So, what may it mean if your bowel movements have a terrible odor to them?

  1. Your eating hygiene needs some love- think about eating more slowly, cooking your food a little more and chewing more effectively.

  2. You are eating food(s) that do not agree with you, whether that be poor quality and ingredients or food sensitivities.

  3. You have a gut infection such as bacterial, fungal or parasitic overgrowth that is feeding on your food and causing the by-product of foul odors.

  4. You have low digestive output (stomach acid, pancreatic enzymes and/or bile) so when you consume food you do not often break it down well enough, again leading to larger food particles to be consumed by the trillions of bacteria living in your gastrointestinal tract and causing the by-product of foul odors.

  5. You have XYZ condition such as Celiac, Inflammatory Bowel Disease and more that may impact the health of your gut and bowel movements.


Can I test how quickly the food is moving through my bowels to get a better sense of if my frequency is a good thing?


Yes, you sure can. It is referred to as the colon transit time test and here is how to do it at home:

Consume 1⁄2- 3⁄4 cup of corn or beets. If you can’t tolerate corn or beets due to your gut health, consider using 4 charcoal capsules for testing purposes. You are going to note the first time you see the whole corn, redness from the beets or blackness from the charcoal in your stool and the last time you notice this. A healthy transit time should be 12-24 hours. This will give you data on your frequency and ability to track improvements from the comfort of your own toilet.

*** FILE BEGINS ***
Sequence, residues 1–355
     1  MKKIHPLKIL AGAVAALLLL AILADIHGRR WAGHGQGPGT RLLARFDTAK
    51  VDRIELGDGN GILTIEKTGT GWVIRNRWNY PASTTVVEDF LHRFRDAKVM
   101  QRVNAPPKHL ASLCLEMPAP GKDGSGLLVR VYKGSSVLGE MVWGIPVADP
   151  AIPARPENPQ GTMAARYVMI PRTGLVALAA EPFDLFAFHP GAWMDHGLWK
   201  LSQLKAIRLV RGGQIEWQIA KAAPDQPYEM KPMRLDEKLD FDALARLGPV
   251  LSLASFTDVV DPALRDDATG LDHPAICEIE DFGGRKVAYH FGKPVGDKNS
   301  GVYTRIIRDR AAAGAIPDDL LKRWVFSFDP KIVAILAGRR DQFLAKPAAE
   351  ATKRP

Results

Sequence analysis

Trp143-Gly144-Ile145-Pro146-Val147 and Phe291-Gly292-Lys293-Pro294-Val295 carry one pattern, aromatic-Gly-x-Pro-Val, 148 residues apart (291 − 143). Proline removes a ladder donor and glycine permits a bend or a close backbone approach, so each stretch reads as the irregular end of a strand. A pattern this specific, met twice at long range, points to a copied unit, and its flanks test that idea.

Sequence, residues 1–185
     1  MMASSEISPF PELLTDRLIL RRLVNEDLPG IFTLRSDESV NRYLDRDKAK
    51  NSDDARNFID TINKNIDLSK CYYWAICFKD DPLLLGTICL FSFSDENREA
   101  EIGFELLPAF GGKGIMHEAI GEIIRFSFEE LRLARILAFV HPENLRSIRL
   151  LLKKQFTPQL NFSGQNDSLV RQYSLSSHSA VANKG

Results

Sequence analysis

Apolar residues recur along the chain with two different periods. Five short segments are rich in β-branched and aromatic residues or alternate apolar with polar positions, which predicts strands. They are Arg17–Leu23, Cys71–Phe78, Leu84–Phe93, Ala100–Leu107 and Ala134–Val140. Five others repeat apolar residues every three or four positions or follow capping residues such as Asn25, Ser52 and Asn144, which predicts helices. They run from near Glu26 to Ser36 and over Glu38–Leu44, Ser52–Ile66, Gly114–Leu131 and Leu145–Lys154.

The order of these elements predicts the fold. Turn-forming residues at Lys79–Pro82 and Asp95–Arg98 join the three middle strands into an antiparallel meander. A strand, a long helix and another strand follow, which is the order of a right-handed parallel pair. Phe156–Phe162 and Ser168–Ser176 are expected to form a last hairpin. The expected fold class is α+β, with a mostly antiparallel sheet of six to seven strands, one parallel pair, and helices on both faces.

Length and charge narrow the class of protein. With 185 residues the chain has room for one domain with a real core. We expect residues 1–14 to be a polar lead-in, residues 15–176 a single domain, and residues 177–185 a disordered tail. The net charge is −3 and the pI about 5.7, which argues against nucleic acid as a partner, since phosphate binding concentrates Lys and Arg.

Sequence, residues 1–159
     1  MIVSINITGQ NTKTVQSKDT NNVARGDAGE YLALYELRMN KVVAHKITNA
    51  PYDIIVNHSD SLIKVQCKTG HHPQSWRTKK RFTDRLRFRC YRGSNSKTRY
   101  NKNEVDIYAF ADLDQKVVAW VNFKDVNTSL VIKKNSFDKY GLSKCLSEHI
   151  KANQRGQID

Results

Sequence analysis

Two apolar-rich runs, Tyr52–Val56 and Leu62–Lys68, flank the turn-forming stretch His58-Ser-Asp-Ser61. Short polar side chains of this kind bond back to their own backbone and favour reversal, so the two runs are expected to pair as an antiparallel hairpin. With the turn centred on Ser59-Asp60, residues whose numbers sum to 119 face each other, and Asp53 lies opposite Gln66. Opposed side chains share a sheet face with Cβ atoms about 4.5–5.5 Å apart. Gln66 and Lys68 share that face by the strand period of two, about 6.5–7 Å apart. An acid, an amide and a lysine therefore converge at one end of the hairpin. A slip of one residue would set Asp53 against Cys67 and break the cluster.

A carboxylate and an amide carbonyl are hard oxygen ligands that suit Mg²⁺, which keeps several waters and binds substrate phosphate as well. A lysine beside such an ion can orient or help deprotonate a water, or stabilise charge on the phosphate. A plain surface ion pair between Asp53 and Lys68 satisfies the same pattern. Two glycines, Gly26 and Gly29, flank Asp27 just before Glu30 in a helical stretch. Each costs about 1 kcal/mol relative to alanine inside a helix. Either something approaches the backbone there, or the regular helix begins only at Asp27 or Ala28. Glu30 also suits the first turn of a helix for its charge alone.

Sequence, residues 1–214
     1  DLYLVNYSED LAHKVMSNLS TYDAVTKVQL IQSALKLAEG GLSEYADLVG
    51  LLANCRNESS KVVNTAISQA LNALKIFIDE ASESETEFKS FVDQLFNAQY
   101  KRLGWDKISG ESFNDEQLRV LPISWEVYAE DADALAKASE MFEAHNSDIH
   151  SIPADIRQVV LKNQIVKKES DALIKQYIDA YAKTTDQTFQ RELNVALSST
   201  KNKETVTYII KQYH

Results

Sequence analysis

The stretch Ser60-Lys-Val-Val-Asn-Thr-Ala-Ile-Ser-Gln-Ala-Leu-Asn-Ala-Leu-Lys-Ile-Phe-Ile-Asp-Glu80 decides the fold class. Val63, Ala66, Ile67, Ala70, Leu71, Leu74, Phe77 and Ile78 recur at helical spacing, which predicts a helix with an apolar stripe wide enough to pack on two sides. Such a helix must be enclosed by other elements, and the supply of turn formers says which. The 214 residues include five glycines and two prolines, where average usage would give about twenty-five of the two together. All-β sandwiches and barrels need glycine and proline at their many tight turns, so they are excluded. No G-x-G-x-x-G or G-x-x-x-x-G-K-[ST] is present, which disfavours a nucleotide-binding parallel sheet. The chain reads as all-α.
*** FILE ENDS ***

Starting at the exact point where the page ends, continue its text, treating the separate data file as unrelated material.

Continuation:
If you eat and immediately run to the bathroom or see food (outside of corn) in your stool regularly, I would venture to say your transit is too fast. This doesn’t allow the time your body needs to fully digest and absorb your food which can lead to more than just loose stools. You may suffer with chronic malnutrition meaning low vitamins and minerals, inability to gain weight, amongst a slew of other health concerns that may go hand and hand with the poor nutritional status.


If you are someone who ate the corn and sees it for the first time 24 hours later and the last time 72 hours later, we have a whole new problem occurring. Things are not moving, friend. This creates a breeding ground for bacteria and yeast. You might think you are out of the woods with the malnutrition, but you likely are not.


So, go make yourselves a large beet salad for lunch today and let's get a starting point of data!


When to see a gastroenterologist or functional medicine gut specialist?


When to see a gastroenterologist:

If you have been struggling long term with gut health symptoms, please seek out the advice and care of a gastroenterologist. As a functional practitioner, I value our allopathic partners viewpoints, especially when it comes to ruling out any serious conditions, providing endoscopies and colonoscopies when appropriate and ensuring your physical well-being.


*If you are experiencing extreme pain, mucus or blood in your stool, weight loss for no known cause, vomiting or diarrhea without present illness, we always recommend starting with a Board Certified Gastroenterology appointment.


If you have seen a gastroenterologist and have been cleared, labeled with "IBS", not seeing improvements or feeling like there i more support you could be receiving while getting to the root of your gut imbalances, schedule a consultation today with our Institute for Functional Medicine trained and certified health care practitioners. Alternatively, if you are in search of a prescribing physician, head to the Institute for Functional Medicine's Find a Practitioner link and search for knowledgable professionals within your area.